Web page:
AFTER a successful few years for Eyemouth's Marine Quest, another wreck has been found in the North Sea.
The business run by father-son team Jim and Iain Easingwood, took a number of divers on the North Star last Friday despite awful weather throughout the week.
The party travelled approximately 40 miles offshore, with the intention of locating and diving the WW1 tanker Desabla. As people in Berwickshire know all too well, the weather that week hadn't been kind at all, but after torrential rain and high winds, the party spotted a window of nice weather and set sail.
They used the North Star's echo sounder to locate the biggest wrecks in the vicinity and divers reported that they could see the outline of the wreck from 25 metres - far better visibility than expected.
The ship was lying upright and intact in a west-east orientation in general depths of 53m with the bridge area at 38m.
Marine Quest's Iain Easingwood said that what they came across was very different to what they were expecting.
He said: "It was a bit puzzling when the divers reported seeing empty open holds when we were expecting oil tanks, pipes and valves.
"The bow was broken and lying over to starboard and has three guns, what looks like a large calibre weapon and two machine guns.
"Below the bridge area, off the starboard side and on the seabed was a 'gun tub' with what looked like an Oerlikon or 20mm cannon, at the rear of the bridge on the port side was a matching intact tub complete with net covered gun.
"Moving forward into the bridge itself the compass binnacle, steering pedestal and telegraphs were found still in place. There were portholes everywhere, and some large bakelite batteries stamped 'Titan Radio'. With another two guns on the stern she looked very well armed and more modern than we had expected."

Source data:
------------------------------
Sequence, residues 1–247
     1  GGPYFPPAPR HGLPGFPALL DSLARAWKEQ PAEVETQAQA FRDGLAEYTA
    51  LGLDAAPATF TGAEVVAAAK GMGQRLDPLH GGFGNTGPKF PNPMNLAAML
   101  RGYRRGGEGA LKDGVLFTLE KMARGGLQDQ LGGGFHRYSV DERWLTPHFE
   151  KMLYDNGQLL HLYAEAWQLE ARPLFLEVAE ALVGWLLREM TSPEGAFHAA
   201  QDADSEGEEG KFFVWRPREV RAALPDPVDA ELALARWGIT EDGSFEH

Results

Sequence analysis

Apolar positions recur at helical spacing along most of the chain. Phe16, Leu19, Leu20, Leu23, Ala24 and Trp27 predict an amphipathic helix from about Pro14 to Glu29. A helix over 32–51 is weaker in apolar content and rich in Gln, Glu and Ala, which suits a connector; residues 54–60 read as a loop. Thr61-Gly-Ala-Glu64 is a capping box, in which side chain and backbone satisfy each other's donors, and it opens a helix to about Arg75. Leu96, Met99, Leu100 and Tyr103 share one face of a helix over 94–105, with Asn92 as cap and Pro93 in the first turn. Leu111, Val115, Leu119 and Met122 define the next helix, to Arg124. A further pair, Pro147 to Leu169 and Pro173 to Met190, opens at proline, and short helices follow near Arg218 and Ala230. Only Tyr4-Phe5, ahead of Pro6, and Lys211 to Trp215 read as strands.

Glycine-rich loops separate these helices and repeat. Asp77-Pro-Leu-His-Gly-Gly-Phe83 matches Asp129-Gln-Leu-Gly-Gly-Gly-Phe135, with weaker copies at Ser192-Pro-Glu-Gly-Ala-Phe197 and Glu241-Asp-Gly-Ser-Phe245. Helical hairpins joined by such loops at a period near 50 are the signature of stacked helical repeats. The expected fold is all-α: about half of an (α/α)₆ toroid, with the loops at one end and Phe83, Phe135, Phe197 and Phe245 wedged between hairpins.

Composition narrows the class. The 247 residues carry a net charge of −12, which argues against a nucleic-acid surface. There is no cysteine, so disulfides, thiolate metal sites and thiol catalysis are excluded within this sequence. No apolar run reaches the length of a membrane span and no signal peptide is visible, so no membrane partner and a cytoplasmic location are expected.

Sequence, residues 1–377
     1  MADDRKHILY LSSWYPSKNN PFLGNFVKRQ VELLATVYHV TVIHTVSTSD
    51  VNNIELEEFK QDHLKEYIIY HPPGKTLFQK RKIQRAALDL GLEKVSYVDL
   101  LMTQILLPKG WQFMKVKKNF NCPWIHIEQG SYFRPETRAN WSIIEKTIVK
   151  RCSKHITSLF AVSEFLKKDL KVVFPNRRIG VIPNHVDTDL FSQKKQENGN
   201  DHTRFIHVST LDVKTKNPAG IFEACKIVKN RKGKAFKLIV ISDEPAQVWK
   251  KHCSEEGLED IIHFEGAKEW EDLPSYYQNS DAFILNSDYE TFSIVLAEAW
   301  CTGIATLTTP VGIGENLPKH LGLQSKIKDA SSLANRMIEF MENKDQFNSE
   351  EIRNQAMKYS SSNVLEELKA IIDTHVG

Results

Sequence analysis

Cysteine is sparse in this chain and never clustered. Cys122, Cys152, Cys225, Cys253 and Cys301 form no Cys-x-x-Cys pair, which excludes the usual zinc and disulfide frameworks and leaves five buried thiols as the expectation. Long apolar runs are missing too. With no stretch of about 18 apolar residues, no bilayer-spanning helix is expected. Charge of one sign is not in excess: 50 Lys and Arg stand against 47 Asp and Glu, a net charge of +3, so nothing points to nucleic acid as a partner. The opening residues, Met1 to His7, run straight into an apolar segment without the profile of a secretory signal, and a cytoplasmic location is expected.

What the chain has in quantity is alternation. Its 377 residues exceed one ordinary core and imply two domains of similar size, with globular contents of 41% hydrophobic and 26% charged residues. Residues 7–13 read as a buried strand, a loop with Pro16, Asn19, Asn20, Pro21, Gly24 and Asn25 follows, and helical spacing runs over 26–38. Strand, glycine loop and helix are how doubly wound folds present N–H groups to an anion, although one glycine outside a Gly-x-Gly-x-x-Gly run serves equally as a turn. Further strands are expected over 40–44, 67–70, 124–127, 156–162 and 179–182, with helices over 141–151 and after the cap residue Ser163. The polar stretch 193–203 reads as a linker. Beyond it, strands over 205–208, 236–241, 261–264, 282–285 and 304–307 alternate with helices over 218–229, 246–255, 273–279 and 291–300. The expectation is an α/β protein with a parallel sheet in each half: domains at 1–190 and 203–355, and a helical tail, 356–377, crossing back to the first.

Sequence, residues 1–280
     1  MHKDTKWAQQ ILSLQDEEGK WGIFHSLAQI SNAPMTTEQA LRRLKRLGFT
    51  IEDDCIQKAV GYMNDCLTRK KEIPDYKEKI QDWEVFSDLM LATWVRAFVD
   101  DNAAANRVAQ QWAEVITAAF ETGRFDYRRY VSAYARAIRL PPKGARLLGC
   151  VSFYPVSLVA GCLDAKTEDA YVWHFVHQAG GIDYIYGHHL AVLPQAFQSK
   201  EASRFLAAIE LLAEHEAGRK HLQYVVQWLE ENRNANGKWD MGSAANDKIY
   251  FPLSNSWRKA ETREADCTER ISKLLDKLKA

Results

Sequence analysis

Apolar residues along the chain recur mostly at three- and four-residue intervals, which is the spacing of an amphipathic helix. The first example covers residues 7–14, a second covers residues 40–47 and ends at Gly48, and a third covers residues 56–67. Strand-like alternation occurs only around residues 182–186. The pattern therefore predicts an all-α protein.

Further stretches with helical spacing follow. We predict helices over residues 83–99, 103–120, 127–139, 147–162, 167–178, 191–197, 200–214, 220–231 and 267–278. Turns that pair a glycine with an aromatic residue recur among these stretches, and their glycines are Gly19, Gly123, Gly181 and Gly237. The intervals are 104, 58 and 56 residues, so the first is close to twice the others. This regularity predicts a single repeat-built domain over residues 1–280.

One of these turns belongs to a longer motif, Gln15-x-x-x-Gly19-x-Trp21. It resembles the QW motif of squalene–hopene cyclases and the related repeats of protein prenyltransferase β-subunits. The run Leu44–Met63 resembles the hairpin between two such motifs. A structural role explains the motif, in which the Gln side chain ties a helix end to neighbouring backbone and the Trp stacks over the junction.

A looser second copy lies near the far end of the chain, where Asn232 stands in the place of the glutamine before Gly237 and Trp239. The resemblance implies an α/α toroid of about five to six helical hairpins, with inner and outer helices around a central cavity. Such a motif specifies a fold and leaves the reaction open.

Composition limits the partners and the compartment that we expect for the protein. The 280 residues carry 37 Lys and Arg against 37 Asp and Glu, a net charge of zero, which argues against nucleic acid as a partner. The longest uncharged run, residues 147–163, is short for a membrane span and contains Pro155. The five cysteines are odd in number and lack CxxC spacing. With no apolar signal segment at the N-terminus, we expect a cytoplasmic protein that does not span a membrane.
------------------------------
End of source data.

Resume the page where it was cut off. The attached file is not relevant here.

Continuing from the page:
It started to become apparent that maybe the divers had stumbled across a different wreck from the one they had originally set out to find and their suspicions were confirmed with their next discovery.
Divers recovered a number of pieces of crockery but they didn't say 'Bank Line' as expected and had the markings of the 'American Export Lines'.
Iain said that after some research the group decided that the vessel they'd come across wasn't the Desabla but in fact the SS Exmouth mined in 1944.
She was owned by American Export Line and en route New York, when she strayed into the British defensive minefield and was mined and sunk on July 31 that year.
And all that means that the Desabla, for the moment, remains undiscovered although Iain said that he hopes it won't be long before divers find the vessel they were originally looking for.
"We'd done a bit of research before hand and thought we'd picked out the right boat to look for. But you can never be 100 per cent sure on where a vessel is going to be so we've got a few trips lined up for the coming months to try and find the Desabla.
"The wreck diving off the east coast of Scotland is as good as anywhere else in the country and remains largely untapped. I reckon that there are still another 50 or 60 boats out there yet to be found."
The divers involved in the Exmouth discovery were: Steve Adams, Shane Wasik, Ross Coventry, Tina Aydon, John Nicholson, Jeremy Cameron, Neil Masson, Warren Izzett and Meeko.